My two-year old knows something’s wrong with May

Posted on Nov 25, 2013 | 5 comments

A few mornings ago, my husband was taking a shower and so didn’t hear May have a seizure. She cries in a thin and tremulous voice, and it is filled with terror. She still has at least one seizure like this a day, which is much better than it used to be.

Ieuan and May together on Halloween

Ieuan and May together on Halloween

My husband was letting me sleep in, so I didn’t hear it either. Very softly, there was a knock at my door. “Mama?” a little voice said. “May-May’s crying.” I rushed out and held her in time to comfort her.

Later that morning, Ieuan made himself shake. Just like May, his arms went rigid and his fingers wide. He made a crying, tremulous sound. He stopped, then started again. “You don’t need to do that, honey,” I said gathering him to me. “You are fine. May gets upset like that, but you don’t have to.”

Ieuan knows something is wrong with May. He wants to comfort her. He brings her toys, her bottle and other things he knows she likes – but May can’t hold them or use them without assistance. The other day I found him in the living room feeding her a bottle as she sat in her chair.

I find this both sweet and unsettling. He is old enough to know something is up, but not old enough to make sense of it. That will come though. We will walk a fine line throughout his childhood of allowing him to care about her and not asking him to take care of her. I used to think I wouldn’t have him help at all, to preserve his childhood. But he loves May, and I don’t think he can help but want to take part.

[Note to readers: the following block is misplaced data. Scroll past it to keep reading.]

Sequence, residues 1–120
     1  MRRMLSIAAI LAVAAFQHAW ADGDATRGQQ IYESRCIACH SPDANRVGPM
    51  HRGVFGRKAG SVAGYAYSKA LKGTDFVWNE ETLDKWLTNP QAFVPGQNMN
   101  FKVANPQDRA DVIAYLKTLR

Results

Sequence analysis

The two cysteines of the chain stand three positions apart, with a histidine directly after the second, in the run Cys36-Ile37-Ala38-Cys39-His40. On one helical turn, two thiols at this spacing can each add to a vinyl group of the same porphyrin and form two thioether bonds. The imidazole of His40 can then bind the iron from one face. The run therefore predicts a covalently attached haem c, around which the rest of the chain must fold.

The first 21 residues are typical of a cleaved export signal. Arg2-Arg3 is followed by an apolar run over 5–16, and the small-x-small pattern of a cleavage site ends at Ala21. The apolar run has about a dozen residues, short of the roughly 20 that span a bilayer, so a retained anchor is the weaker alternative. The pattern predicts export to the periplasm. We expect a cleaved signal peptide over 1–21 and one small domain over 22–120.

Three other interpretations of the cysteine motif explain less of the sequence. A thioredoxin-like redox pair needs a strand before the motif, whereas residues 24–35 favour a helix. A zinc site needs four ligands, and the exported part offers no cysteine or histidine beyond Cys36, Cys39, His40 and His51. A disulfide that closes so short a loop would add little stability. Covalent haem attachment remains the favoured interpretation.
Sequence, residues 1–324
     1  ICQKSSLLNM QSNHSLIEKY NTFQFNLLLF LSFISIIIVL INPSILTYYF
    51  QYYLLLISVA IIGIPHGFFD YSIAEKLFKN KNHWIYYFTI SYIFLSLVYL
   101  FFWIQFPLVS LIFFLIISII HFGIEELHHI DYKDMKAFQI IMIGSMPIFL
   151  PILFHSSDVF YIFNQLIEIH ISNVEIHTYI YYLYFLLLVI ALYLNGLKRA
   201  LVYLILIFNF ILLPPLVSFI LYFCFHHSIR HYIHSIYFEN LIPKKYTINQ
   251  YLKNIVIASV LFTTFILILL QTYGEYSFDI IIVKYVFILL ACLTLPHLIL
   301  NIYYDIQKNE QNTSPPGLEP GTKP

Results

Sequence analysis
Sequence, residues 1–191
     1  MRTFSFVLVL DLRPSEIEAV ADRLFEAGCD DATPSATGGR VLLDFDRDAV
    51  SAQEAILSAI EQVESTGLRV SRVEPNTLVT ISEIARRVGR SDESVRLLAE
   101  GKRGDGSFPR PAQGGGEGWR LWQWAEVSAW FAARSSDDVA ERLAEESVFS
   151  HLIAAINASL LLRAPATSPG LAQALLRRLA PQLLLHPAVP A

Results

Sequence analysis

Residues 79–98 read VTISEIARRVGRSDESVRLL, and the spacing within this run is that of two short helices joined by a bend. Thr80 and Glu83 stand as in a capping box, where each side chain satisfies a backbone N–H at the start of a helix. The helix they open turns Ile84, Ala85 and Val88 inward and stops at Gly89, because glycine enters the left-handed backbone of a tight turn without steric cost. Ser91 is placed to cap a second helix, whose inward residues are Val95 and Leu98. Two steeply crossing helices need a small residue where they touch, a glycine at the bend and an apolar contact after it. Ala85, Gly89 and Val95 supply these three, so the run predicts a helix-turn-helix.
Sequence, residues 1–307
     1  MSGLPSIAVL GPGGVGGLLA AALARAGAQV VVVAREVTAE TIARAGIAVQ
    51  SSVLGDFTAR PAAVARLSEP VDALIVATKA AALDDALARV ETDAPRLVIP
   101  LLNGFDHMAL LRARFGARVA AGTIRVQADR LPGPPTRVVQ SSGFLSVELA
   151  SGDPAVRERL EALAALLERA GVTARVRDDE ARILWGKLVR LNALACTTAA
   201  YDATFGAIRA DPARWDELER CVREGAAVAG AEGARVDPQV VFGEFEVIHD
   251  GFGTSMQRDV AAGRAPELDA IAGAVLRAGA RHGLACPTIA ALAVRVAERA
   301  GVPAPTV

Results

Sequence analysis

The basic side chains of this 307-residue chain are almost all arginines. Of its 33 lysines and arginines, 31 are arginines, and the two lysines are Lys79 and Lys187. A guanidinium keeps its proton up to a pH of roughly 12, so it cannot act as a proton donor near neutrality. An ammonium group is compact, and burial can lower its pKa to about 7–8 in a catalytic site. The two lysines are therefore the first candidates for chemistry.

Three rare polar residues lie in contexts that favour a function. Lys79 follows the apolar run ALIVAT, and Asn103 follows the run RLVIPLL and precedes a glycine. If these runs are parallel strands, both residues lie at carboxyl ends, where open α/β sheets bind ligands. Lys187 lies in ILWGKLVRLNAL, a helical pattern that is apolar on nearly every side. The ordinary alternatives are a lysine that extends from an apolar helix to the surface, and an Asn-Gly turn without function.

1. He will learn his way through the maze of May. He is a caring little boy already.

  2. Ieuan is a loving caring child. That makes him all the more special!We all love him so! May is lucky to have him as her brother. We miss you and love you. Love you, Ellen

  3. It makes total sense he would want to help her. Just like if May was the baby sister (special needs or no) and he would want to help feed her or change her or make her happy when she cried. You’re right, there is a fine line of caring for her and taking care of her. But that’s what families do, they take care of each other.

  4. It took a while for Hannah, who is five and a half years older, to understand her brother Liam was different as well. (He’s autistic PDD-NOS) She protects him, teases him, hugs him close and get annoyed by her little brother now that she’s a teenager, just like any other sibling would. She knows he’s autistic and she expects the same of him as we do, she want him to thrive like we do. Ieuan is a smart kid who sees his big sister needing more help than other kids his age and I’m sure he wonders why. He’ll understand soon enough that May needs help because her body works differently but that she’s just like him in many other ways. Siblings get it and we, as parents, work hard to make sure that all our kids feel our love and attention. It’s hard! And worth it.

    • Thanks for sharing your children’s story! I love hearing about siblings like May and Ieuan and how they get along. It’s all about the love!

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